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32. Group Consciousness

From the previous exposition we have seen that the Tungus individual is under the control of his own clan. However, he comes into contact with the other clans of the same ethnical groups and with the other ethnical groups. At the present time amongst most of the Tungus groups there exists preferential intermarriage between two clans. With great probability we may suppose that originally the ethnical Tungus groups always consisted of two intermarrying clans only. In the Tungus mind there were thus aki-nokun (his own clan besides his own father, and grandfather) and the world outside of them and particularly the clan from where his mother, his wife and all women were taken as wives. So that even in this case the Tungus needed no conception of the clan as a social unit. The relations between these two ere established and continued on the principle of exogamy, the cognition of the clans not being responsible for the preferential intermarrying between the two clans. This practice may be maintained even when the aki-nokun (clan) might come into contact with other clans. In this case the maintenance of the relation would be based upon the connections of personal relations established between the aki-nokun and the group of guisin-ina, who are aki-nokun of their wives and mothers. An extension of the marital relations over other groups of aki-nokun, — potential guisin-ina, — is not obstructed by the obligatory dual organization which has never been cognized but which in spite of that was maintained prior to the formation of larger Tungus ethnical units.

For the Tungus mentality it is typical that members of a clan, even those living in the other clans, do preserve their relations with and dependence upon their native clan owing to which there may originate special problems concerning the interest of both clans. It is evident that in case there are only two clans in the unit, the questions actually will be brought for discussion to the whole unit, although there will be no cognition of the fact of existence of such a unit. The relations with the mother's clan and cognition of these relations are based on the same classi-ficatory terms of relationship which in their turn are based upon the blood relationship between the group of guisin-ina of «my mother's clan», and that of aki-nokun of «my father's clan».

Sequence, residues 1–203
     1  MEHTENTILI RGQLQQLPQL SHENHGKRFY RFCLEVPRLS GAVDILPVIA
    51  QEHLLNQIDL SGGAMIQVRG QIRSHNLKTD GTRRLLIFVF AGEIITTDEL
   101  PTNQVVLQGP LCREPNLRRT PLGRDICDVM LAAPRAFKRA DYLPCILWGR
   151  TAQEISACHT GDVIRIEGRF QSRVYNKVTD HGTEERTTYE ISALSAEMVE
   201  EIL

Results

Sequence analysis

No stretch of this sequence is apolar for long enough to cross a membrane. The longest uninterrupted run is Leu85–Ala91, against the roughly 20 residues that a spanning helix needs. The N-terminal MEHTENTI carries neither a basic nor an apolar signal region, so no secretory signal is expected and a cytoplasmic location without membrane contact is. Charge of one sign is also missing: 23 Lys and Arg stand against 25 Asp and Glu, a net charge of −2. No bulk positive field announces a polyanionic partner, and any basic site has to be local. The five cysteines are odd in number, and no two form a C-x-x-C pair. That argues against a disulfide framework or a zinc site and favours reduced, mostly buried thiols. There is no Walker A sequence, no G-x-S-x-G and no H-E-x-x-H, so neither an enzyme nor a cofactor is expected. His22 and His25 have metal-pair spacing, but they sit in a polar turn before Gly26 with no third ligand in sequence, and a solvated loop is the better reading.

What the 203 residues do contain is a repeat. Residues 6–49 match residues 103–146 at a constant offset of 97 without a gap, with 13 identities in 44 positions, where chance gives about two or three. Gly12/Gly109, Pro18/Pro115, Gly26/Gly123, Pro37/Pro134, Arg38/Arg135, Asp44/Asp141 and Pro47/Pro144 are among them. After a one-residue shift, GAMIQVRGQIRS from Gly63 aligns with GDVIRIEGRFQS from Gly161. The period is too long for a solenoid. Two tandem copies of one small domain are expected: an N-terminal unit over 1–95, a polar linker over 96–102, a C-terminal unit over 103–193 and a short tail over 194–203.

In so far as my observations are advance, I may suppose that the cognition of the clan as an exogamic unit may come from another source; namely, the disequilibrium between the sexes in one of the clans bound by the marital relations, and disequilibrium between two clans one of which may become more numerous than the other and thus a large portion of young men will not be married. I do not know cases when the cognition of the clan existence was due to this condition, but since the Tungus give, as the reason of divisions of clans, the above mentioned difficulties in marital relations, it is possible that such occurrences might have taken place before and in this way the existence of clans was discovered. It may be noted that the cognition of the fact of existence of the clan as a social unit has greatly helped the Tungus in the regulation of marital and other relations. They might divide the clan into new exogamic units as is now practiced by all Tungus groups. Indeed, since such an act must be justified, the Tungus have found a good way of doing it by referring the whole matter of division to the highest spirit buya {vide infra). It is interesting from the point of view of Tungus mentality, that in spite of the fact that this matter concerns other clans as well, the overgrown clan would make its decision with no intervention on the part of other clans.

With the inclusion of other clans in the marital sphere, which does not depend on marital relations and does not depend on the fact of existence of the clans, there comes the cognition of the clans as units opposed one to another. In such a «pluriclanal» unit the process of cognition of the individual clan is facilitated by the fact that there are different names of groups of aki-nokun needed first for regulation of the relations between the clan and the world and afterwards between the clans which maintain marital relations in the dual system. From the fact of relations which may originate between two clans on the ground of preservation of the dependence on the native clan even after the marriage especially with the women, also with the man who stays in the wife's family, there is formed no complex of relations cognized as those of the ethnical unit which is actually formed by two clans. Such two clan units bound by regular marital relations would not make any further increase of relations cognized as those of the new unit formed of two clans. These relations would be understood as exclusively marital relations. The relations perceived as internal, ethnical relations would not appear even in the case of the pluriclanal system although the complex of the relations such as, for instance, cross-marriage between four clans, would be in function. Together with the cognition of the clan, its name assumes great importance in the Tungus system for the individual belonging to the clan is identified by the clan name. We have seen how this problem is solved by the Tungus when they have to create new exogamic unit-clans. But the case of partial migration of the clans is also common, so that the survival of the same names even amongst the Tungus ethnical units which at the present time do not know each other is also common. In case two Tungus groups should discover similar clan names in different ethnical units they would suppose that there was an earlier separation of the clans in question. And they would try to compare different clan names for showing their common origin.